It is a whole system of efficiency that runs all through, and in the end, everyone gets what they need without hurting the environment.


No damage to the environment

Creates a self-sustaining system

It is inside a controlled environment

High fish yield


Expensive to set up

Requires qualified hands to run it

Limited spaces for fish to move about

Raceway System

Raceway System

This is a form of fish farming where a long artificial channel is created with continuously flowing water going through the culture tanks. The channels usually consist of rectangular troughs filled with fish sealed at both ends to only allow water through. This creates the same conditions you’d find in a river, which is good for certain types of fish.

You could also set this system inside a water body, if you live next to a lake for example. All you’d need is wall up a section on the shore then connect each section with a floating bridge for easier access. Itbeat having to dig up a huge trench and pump water into it.


The quality of the water is good with natural oxygenation

There’s more space for fish to move

Can accommodate huge populations


Setting it up takes a lot of work and is expensive

Disease spread is fast

It is hard to deal with fish waste

How to Start a Fish Farm Business

Starting a fish farm business may have good returns but pulling it off is not easy. There are a lot of things involved between setting it up and cashing in on it for the first time. The following are the steps you need to follow to set up a successful fish farm.

Step 1: Draw Up a Plan

Source: Pixabay

As it is with any other business, you have to start with a plan. What are your goals? Are you doing this for your own food, or are you aiming to sell this down the road? Do you plan to expand to a bigger space, or is it something temporary?

A comprehensive business plan should be able to answer all these questions. You have to figure out who your market is beforehand to avoid ending up with an overpopulated fish farm with no one to sell to. Never for one moment assume that you people will be ready come flocking. You also have to set a tentative price which reflects the ongoing economic situation. And all this will need a significant amount of funds.

Step 2: Form a Legal Entity

Legal Documents
Source: Pixabay

You have to protect your business interests from the moment you start entertaining the idea of starting one. Set up the fish farm as a legal entity recognizable in the eyes of the law as this will come in handy down the road when you have grown big enough to attract the attention of other people and competitors; there will always be someone trying to get one over you at some point.

Establishing a legal entity protects your personal being from being held liable in the event that your fish farm is sued. The registration process is quite simple; you can either do it yourself or hire someone else at a small fee to do it for you.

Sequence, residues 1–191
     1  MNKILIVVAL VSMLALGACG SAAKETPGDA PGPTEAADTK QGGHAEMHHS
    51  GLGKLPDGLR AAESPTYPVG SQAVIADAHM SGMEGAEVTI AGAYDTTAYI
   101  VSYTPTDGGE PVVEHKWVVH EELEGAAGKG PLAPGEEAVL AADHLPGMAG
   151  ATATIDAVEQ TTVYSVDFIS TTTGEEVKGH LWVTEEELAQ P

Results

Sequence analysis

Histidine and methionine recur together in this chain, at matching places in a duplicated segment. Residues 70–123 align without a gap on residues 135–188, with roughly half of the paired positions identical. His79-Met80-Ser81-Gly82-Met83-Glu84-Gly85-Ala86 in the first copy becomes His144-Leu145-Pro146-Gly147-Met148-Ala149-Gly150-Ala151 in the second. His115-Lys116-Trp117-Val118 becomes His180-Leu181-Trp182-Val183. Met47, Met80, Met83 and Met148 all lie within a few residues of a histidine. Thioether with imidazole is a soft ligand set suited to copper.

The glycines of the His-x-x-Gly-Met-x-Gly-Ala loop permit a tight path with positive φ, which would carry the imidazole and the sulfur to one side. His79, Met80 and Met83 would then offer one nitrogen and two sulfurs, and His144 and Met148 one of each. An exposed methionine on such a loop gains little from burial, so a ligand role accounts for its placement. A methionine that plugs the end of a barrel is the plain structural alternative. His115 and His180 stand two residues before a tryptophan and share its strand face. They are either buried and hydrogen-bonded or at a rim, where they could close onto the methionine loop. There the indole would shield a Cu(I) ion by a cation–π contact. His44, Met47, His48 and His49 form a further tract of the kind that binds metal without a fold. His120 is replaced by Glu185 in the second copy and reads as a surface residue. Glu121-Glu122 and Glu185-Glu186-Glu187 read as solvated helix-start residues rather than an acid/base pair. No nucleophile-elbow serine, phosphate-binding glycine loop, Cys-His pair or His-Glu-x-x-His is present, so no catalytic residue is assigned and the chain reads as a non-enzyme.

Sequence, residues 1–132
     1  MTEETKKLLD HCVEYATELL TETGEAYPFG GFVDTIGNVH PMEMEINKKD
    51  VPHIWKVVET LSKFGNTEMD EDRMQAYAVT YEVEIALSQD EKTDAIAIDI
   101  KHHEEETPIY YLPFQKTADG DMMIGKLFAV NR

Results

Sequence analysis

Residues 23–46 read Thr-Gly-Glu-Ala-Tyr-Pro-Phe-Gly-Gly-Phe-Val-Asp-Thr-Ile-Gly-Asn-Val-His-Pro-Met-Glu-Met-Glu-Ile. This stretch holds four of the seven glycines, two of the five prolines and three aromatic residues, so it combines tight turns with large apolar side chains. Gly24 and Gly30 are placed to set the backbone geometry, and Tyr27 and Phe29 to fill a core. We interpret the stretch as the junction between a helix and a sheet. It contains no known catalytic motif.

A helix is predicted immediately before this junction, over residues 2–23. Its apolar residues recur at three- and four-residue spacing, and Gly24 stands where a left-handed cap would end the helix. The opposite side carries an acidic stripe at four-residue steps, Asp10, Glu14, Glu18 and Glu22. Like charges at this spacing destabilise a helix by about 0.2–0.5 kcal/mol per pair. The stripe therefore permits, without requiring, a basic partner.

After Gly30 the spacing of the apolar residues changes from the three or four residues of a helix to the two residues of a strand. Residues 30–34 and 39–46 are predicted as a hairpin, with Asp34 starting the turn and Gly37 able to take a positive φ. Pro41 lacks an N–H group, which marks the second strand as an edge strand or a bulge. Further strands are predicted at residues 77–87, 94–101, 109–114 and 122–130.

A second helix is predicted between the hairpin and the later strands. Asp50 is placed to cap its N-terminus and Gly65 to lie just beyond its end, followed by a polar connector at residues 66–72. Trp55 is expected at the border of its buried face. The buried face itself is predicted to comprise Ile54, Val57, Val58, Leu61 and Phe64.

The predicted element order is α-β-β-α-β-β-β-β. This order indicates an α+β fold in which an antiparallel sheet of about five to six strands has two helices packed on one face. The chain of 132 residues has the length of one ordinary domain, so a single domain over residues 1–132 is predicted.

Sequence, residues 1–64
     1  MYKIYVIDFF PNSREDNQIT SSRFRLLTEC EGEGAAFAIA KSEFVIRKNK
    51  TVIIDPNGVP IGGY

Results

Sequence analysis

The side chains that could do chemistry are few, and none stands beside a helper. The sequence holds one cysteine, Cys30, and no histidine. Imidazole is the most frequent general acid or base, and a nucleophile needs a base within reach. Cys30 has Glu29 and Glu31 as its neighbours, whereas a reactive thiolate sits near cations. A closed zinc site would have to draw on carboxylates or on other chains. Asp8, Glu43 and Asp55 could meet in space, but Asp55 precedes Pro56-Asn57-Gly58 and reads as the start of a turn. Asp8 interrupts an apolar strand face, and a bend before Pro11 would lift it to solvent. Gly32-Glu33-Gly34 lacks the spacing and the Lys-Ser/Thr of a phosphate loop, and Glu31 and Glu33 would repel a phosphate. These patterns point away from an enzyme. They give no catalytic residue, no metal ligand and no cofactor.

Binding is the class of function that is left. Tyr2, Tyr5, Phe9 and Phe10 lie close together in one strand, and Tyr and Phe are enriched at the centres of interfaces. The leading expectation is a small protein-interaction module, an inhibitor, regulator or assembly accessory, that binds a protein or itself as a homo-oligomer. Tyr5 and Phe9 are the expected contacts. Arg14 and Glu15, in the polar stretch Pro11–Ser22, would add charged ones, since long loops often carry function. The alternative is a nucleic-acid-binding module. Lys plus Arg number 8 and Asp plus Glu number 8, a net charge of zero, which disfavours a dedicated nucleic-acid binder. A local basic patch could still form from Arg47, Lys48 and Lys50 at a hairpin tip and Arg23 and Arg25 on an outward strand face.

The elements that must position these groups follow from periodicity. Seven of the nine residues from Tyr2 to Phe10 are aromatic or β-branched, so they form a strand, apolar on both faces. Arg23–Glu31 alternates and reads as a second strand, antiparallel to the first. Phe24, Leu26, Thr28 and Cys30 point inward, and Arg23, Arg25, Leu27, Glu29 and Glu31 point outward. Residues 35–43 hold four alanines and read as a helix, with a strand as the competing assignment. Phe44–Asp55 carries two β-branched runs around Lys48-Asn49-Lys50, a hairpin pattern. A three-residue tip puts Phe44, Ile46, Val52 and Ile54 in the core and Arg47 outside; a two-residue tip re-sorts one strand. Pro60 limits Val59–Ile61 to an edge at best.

Step 3: Register for Taxes

Source: Pixabay

Taxes are mandatory in every place on earth, and businesses have a greater responsibility for remitting taxes in a timely manner to avoid incurring the attention of the taxman. Depending on the country you are setting up the fish farming business, you’ll be required to pay different kinds of taxes, both for the state and the federal if you are in the United States before the business hits the ground. Your business will be given a special EIN number through which all the tax remittances will be tracked.

Step 4: Select an Apposite Land Area

Source: Pixabay

Fish farming requires lots of space with a good buffer zone around it; therefore, you’ll need to find an area that doesn’t have a lot of people with large swatches of land. If you already have that kind of land in your name, then it becomes much easier for you, otherwise, you’ll have to buy, and the land is not cheap.

When selecting the site, factor in future growth. You may start out small with one or two ponds, for instance, but there has to be space around to scale the operation up once the demand for your fish grows. The soil has to be of good quality, free of chemical contaminants that may harm the quality of your fish products.

Water is also another important factor to consider. Setting up a fish farm in dry areas will end up being expensive and unnecessary as you will have to buy water every time. You need a wetland with natural water sources or an area where you can drill wells. The average fish farm pond is usually 0.7m deep, and this requires a lot of water.

Step 5: Construction

Indoor Fish Farm
Source: Pinterest

No matter the type of fish farming you choose to go with, there will be considerable construction work involved. Cage fish farming will need fishnets and buoyant materials like quad floats, or double floats to keep the fish locked in one location. If you go for a pond, you’ll need to dig up trenches then line them up with anti-seepage material to keep the water from disappearing into the ground.